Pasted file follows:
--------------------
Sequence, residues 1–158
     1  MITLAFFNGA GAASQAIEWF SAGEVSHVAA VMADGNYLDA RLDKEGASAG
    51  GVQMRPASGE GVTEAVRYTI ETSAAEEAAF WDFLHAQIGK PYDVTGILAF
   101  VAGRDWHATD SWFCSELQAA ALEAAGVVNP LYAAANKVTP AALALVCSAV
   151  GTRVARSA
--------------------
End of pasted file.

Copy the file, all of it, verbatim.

Sequence, residues 1–158
     1  MITLAFFNGA GAASQAIEWF SAGEVSHVAA VMADGNYLDA RLDKEGASAG
    51  GVQMRPASGE GVTEAVRYTI ETSAAEEAAF WDFLHAQIGK PYDVTGILAF
   101  VAGRDWHATD SWFCSELQAA ALEAAGVVNP LYAAANKVTP AALALVCSAV
   151  GTRVARSA